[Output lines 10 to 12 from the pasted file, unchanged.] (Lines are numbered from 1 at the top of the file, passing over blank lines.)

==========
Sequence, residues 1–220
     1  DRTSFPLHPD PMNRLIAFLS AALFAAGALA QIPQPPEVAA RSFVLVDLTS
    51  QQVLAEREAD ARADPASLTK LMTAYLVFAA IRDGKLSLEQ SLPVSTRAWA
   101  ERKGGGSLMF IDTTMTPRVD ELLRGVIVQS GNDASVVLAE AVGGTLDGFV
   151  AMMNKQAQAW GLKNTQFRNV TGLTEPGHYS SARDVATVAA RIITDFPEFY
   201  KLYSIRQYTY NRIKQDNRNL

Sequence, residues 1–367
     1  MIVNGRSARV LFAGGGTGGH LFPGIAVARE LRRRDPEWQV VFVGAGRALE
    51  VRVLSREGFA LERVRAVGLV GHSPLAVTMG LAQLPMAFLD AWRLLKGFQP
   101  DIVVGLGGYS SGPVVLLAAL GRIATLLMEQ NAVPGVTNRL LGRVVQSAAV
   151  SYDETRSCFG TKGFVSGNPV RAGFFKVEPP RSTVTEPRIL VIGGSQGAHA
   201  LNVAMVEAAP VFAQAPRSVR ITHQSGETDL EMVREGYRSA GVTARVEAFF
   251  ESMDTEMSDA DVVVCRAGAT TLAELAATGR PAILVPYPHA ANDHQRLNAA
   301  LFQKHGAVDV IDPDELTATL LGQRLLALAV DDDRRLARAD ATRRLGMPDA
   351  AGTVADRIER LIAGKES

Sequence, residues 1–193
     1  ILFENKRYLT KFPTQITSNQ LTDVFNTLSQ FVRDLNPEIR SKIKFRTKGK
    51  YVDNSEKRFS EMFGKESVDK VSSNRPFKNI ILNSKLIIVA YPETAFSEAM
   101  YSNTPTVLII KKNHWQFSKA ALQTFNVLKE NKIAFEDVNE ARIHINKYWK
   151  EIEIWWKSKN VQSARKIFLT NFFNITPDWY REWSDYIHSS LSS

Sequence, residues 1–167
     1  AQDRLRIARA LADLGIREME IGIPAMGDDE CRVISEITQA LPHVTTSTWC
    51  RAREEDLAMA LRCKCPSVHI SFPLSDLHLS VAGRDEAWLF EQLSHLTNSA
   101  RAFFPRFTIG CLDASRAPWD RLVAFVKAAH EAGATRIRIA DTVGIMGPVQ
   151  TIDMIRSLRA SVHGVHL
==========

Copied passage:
   101  DIVVGLGGYS SGPVVLLAAL GRIATLLMEQ NAVPGVTNRL LGRVVQSAAV
   151  SYDETRSCFG TKGFVSGNPV RAGFFKVEPP RSTVTEPRIL VIGGSQGAHA
   201  LNVAMVEAAP VFAQAPRSVR ITHQSGETDL EMVREGYRSA GVTARVEAFF